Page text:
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Here is the equation I want to solve. [$c$ and $M$ have specified values, and I want the value of $p$.]:

$$(2p-c)\int_p^M\frac1{n^2}e^{p-n}\,\mathrm dn=1-\frac{c}{p}$$

For example with $c=0.1$ and $M=10$, I can plot the function in Mathematica and see that the solution is about 0.735. If I write the code

c=1

M=50

NSolve[(2 p - c)*
NIntegrate[(1/n^2)*Exp[p - n], {n, p, M}] - (1 - c/p) == 0, {p, 0.75}]

When I run the code in Mathematica I get

nlim: "n = p is not a valid limit of integration. 

I get it. p is in the limit of integration. But if I go from NIntegrate to regular Integrate, then after a few minutes I get

This system cannot be solved with the methods available to NSolve. >>


NSolve[ConditionalExpression[-1 + 1/
p + (-1 + 2 p) (-(1/50) E^(-50 + p) + 1/p - 
   E^p ExpIntegralEi[-50] + E^p ExpIntegralEi[-p]) == 0, 0 < Re[p] < 50 && Im[p] == 0], p]

I appreciate that the function I'm using is connected to the Exponential Integral (or Upper Incomplete Gamma Function). That's why I need Mathematica's help. Here a graph shows that the solution is about 1.75.

Ultimately, I'm looking to get $p(c, M)$ -- $p$ as a function of $c$ and $M$. Actually, I'd be happy with graphing $p$ as a function of $c$ and $M$.

Note also that with some other values of $c$ and $M$, I get a solution using Integrate but there is a different error. For example, with $c=0.1$, $M=10$ I get

Warning: NSolve was unable to prove that the solution set found is complete. >>

{{p -> 0.735228}}

Any guidance for how I can find a numerical solution for $p(c,M)$?

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  • $\begingroup$ NSolve[] is not really intended for use with transcendental equations like yours. Use FindRoot[], but make sure you have a good starting guess. $\endgroup$ Aug 5, 2016 at 21:27
  • 1
    $\begingroup$ Welcome to Mathematica.SE! I suggest the following: 1) As you receive help, try to give it too, by answering questions in your area of expertise. 2) Take the tour! 3) When you see good questions and answers, vote them up by clicking the gray triangles, because the credibility of the system is based on the reputation gained by users sharing their knowledge. Also, please remember to accept the answer, if any, that solves your problem, by clicking the checkmark sign! $\endgroup$
    – Michael E2
    Aug 5, 2016 at 21:50
  • $\begingroup$ You can format inline code and code blocks by selecting the code and clicking the {} button above the edit window. The edit window help button ? is also useful for learning how to format your questions and answers. You may also find this meta Q&A helpful $\endgroup$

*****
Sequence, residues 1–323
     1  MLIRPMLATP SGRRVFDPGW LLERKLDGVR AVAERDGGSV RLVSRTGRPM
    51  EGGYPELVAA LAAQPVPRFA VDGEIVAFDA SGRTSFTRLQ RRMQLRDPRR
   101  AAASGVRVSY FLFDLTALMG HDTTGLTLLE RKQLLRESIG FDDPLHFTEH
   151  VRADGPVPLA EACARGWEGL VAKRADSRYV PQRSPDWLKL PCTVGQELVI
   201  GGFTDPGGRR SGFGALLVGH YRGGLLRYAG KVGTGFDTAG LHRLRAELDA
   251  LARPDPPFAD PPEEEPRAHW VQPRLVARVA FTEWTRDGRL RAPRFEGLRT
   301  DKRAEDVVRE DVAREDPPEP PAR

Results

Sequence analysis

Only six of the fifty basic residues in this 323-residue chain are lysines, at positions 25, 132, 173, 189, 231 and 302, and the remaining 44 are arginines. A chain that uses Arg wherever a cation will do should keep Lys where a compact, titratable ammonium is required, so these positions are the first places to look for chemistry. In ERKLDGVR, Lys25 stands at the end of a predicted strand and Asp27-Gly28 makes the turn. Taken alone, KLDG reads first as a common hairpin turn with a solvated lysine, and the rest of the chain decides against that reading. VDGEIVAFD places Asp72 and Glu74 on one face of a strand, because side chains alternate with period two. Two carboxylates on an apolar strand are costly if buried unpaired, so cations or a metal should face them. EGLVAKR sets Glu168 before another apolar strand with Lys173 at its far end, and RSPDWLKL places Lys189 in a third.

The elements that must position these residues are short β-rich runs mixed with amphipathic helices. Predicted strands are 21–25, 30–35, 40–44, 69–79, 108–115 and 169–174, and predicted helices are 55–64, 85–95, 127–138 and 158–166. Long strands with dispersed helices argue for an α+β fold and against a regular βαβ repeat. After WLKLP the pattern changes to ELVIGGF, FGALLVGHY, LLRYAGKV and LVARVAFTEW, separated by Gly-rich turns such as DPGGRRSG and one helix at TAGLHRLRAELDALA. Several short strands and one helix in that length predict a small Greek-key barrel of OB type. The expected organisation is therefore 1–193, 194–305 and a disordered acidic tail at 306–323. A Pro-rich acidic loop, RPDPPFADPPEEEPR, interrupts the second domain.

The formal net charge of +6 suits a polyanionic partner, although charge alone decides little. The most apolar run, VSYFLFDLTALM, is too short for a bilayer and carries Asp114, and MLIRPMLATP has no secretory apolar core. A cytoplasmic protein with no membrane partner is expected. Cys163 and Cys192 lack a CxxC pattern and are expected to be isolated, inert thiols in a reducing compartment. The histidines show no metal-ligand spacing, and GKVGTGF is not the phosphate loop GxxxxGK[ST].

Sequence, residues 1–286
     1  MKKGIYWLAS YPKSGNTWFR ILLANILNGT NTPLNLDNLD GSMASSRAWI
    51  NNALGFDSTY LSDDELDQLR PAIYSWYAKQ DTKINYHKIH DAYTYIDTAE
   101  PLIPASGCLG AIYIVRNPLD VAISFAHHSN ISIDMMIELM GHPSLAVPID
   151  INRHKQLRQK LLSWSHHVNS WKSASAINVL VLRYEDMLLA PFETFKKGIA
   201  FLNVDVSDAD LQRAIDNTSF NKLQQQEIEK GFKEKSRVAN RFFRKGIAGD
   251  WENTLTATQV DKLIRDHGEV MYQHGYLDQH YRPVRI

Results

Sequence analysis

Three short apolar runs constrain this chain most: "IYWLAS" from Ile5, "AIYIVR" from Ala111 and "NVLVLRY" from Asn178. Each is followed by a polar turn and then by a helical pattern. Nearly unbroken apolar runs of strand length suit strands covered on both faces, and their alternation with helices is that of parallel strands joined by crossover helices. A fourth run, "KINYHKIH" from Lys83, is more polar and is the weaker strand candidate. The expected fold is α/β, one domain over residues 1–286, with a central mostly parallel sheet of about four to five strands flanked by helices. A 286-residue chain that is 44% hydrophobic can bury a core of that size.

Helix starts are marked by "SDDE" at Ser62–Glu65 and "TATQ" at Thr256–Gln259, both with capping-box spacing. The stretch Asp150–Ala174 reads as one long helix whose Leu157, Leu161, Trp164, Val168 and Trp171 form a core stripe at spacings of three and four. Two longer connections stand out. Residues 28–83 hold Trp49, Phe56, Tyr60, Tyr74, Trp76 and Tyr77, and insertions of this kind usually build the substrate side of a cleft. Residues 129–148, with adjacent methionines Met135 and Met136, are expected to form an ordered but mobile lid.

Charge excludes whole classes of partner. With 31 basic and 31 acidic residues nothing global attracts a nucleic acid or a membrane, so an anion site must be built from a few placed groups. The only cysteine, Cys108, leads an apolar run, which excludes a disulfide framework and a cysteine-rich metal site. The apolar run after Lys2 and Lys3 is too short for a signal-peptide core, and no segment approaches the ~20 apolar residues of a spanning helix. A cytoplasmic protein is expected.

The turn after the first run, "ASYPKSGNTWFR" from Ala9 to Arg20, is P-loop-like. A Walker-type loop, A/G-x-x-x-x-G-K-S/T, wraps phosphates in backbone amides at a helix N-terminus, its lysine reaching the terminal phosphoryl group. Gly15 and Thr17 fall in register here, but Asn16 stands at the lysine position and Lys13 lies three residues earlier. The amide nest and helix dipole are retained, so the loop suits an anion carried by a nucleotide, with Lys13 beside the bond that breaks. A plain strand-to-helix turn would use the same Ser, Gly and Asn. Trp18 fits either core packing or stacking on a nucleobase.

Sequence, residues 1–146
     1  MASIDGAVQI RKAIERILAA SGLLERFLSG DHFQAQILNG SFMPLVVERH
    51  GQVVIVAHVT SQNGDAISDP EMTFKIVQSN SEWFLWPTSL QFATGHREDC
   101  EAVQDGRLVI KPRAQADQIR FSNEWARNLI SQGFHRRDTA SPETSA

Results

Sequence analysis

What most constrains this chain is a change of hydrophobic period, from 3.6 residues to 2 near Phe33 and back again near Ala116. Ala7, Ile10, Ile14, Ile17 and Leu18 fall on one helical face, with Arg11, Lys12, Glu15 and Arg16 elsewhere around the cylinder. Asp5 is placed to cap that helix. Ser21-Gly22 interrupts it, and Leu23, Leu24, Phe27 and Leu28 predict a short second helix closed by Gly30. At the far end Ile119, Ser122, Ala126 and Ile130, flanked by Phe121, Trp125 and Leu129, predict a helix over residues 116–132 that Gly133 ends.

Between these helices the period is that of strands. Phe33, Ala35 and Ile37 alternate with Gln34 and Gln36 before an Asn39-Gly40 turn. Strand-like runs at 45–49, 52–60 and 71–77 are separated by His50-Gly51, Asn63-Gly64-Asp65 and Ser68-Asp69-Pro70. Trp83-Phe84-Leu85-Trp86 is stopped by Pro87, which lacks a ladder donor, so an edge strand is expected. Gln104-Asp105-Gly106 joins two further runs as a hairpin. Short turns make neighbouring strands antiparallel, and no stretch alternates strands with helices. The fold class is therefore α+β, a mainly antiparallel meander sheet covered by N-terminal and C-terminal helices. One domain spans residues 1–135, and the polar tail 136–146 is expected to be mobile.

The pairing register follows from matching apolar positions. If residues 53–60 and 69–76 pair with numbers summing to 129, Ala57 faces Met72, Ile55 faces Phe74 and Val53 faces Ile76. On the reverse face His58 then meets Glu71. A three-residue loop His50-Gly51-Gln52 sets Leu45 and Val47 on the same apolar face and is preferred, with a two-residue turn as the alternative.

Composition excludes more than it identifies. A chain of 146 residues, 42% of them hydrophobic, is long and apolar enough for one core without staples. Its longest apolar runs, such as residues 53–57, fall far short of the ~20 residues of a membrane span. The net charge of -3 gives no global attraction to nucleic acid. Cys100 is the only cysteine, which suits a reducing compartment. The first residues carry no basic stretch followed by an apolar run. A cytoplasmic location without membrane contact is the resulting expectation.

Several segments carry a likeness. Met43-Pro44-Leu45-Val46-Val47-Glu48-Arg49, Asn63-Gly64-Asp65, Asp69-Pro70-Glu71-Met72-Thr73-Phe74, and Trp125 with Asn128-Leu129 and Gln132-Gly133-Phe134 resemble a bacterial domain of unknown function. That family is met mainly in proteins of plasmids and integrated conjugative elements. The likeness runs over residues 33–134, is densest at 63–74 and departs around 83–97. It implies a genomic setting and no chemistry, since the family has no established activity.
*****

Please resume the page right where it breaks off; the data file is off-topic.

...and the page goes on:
– Michael E2
    Aug 5, 2016 at 21:51
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    $\begingroup$ J.M is a god. Thank you! $\endgroup$ Aug 5, 2016 at 22:02
  • $\begingroup$ Barry Nalebuff here? I've heard about you here in Brazil. $\endgroup$
    – LCarvalho
    Aug 5, 2016 at 22:48

4 Answers 4

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Starting with a plot from 0 to 100, one can narrow down the root:

Block[{c = 1, M = 50},
 NSolve[(2 p - c)*
      Integrate[(1/n^2)*Exp[p - n], {n, p, M}, 
       Assumptions -> 0 < p] - (1 - c/p) == 0 && 0 < p < 5, p]
 ]
(*  {{p -> 1.75081}}  *)
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If I do:

i[p_, M_] := NIntegrate[(1/x^2)*Exp[p - x], {x, p, M}]
f[y_, c_] := (2 y - c)*i[y, 50] - (1 - 1/y)
Plot[f[y, 1], {y, 0, 1}]

I get a nice plot.

FindRoot[{f[y, 1] == 0}, {y, 0.75}]

complains like you describe, but eventually gives

 {y->1.7508107}

I'm not sure why there are the complaints about "x = y is not a valid limit of integration" ...

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With J.M's help the FindRoot did the trick. Note that if one integrates by parts the result is the same as the ExpIntegralEi function. And now the solution is instantaneous:

FindRoot[Exp[-t]/(-ExpIntegralEi[-t] + ExpIntegralEi[-M]) == 2 t - c, {t, c + 1}]
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  • $\begingroup$ FWIW: -ExpIntegralEi[-t] is the same as ExpIntegralE[1, t]. $\endgroup$ Aug 6, 2016 at 4:15
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Actually, I'd be happy with graphing $p$ as a function of $c$ and $M$.

In that case, you can just use ContourPlot3D[] to generate your desired plot.

ContourPlot3D[(2 p - c) Exp[p] Gamma[-1, p, M] == 1 - c/p,
              {c, 0, 30}, {M, 0, 30}, {p, 0, 40}]

plot of implicit surface

(Note that I have taken the opportunity to use the three-argument form of the incomplete gamma function, which Mathematica has support for.)

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